Diageo plans to build a $10 million visitors’ experience at the new Bulleit Distilling Company in Shelbyville.
The 9,000-square-foot project, which was approved for $2.5 million in incentives from the Kentucky Tourism, Arts and Heritage Cabinet on Wednesday, will have a tasting room, tours and more.
“We thank the Kentucky Tourism, Arts and Heritage Cabinet for their assistance through the process,” said Barry Becton, senior director of Federal Affairs and Whiskey at Diageo North America, in a statement. “We also thank the people and leadership of Shelby County, especially county Judge-Executive Dan Ison and State Sen. Paul Hornback, for their continued support of the distillery as we look to build a visitor center that we expect will bring thousands of visitors to the community each year.”
The $115 million Bulleit Distilling Co. began operations earlier this year. The 300-acre campus already includes five barrel warehouses with a sixth under construction. Each warehouse can hold 55,000 aging barrels of bourbon. The state-of-the-art distillery was built using global best practices for bourbon production, including environmentally conscious features such as a solar array.
“The visitors’ center experience would highlight the cutting-edge, modern whiskey-making process at the state-of-the-art distillery,” according to the application for Kentucky Tourism Development Finance Authority incentives.
This will be the second Bulleit tourist opportunity: The Bulleit Frontier Whiskey Experience at Stitzel-Weller near Louisville also received incentives and will become the Stitzel-Weller Experience. That will be used to highlight the historic site as well as other Diageo brands such as Blade and Bow and I.W. Harper.
The new visitors center will become “the home of Bulleit Bourbon,” said Jeff Parrott, director of American whiskey development for Diageo.
“Ultimately, we wanted this to encompass the history and heritage, the archives of the brand, and include a tour of distilling experience, highlighting the state-of-art distillery and its environmentally friendly footprint,” Parrott said. “And there also will be a tasting. People will come back to the visitors’ center for a tasting.”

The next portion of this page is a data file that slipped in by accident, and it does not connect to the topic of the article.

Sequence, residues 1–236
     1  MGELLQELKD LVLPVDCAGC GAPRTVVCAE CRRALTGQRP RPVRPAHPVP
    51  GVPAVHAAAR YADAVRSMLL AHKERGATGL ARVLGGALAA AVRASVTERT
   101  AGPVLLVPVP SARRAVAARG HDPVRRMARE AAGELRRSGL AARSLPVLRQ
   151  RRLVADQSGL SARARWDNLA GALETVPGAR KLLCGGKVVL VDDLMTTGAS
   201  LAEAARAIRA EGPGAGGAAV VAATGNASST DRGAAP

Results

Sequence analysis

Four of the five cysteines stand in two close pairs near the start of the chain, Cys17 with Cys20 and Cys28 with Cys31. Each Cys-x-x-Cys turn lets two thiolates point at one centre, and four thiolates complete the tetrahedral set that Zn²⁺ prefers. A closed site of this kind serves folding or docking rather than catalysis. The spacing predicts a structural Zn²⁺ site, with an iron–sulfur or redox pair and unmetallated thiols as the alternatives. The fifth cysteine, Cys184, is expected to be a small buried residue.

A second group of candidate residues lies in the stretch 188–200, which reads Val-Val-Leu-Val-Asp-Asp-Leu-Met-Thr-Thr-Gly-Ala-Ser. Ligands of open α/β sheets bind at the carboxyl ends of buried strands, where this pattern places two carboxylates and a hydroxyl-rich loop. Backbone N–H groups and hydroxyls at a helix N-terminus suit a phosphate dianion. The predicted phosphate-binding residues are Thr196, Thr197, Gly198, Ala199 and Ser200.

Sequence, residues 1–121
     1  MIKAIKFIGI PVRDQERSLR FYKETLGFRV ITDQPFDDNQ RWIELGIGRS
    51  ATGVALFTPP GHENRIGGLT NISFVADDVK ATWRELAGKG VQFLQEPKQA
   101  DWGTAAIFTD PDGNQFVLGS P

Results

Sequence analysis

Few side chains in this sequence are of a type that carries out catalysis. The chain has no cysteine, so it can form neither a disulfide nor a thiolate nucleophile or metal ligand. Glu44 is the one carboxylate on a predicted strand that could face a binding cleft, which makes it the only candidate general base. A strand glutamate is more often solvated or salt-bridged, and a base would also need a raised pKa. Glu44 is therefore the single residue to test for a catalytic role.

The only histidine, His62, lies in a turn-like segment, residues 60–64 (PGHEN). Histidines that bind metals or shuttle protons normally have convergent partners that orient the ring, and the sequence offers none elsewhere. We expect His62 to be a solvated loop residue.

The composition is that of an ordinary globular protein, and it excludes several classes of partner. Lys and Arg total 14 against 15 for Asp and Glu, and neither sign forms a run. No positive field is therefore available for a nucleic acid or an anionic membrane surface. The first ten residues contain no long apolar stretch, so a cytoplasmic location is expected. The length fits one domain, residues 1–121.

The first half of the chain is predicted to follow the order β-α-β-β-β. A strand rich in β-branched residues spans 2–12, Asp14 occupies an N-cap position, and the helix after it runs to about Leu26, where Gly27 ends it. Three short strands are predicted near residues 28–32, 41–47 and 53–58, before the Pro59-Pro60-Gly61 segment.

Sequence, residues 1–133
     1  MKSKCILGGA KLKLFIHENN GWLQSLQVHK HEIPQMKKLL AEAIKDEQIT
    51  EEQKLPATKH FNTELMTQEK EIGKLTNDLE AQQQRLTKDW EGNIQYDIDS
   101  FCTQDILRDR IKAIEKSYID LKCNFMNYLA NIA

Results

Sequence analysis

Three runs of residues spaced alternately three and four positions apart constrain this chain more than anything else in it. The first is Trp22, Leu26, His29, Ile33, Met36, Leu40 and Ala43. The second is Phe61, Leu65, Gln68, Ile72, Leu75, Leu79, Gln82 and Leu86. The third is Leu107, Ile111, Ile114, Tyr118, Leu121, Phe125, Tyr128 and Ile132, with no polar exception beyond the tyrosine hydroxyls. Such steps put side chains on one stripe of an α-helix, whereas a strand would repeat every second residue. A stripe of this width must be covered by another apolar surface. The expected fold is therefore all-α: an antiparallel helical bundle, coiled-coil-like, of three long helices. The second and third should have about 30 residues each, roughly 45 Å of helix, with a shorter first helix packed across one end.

He said the spacious visitors’ center will have several tasting rooms, a large retail footprint and Tom Bulleit’s office. “That’s where he will be when he is in Kentucky and working,” Parrott said.
“We will have a full line of Bulleit available, and we would love to do some exclusive products there, too,” Parrott said.
Construction on the project could begin as early as January and is expected to take a year to complete, according to documents filed with the state.
Parrott said that the visitors center could create about 30 jobs, in a mix of full-time and part-time.
“And we think it will generate more tax revenue for the county and the town,” he said. “And it also will help all the local restaurants and shops because of the excitement around the brand.”
Bulleit Bourbon is selling “north of 1 million cases a year globally,” Parrott said. “Because it’s so hot, we expect a good turnout.”
Based on what similar distilleries on the Kentucky Bourbon Trail report, Diageo estimated in its application that the Bulleit Experience could receive 100,000 visitors in 2019, with three-fourths of them coming from out of state. That number is expected to more than double by 2023. The center will be open year-round, and will advertise heavily, spending an expected $975,000 in the first five years.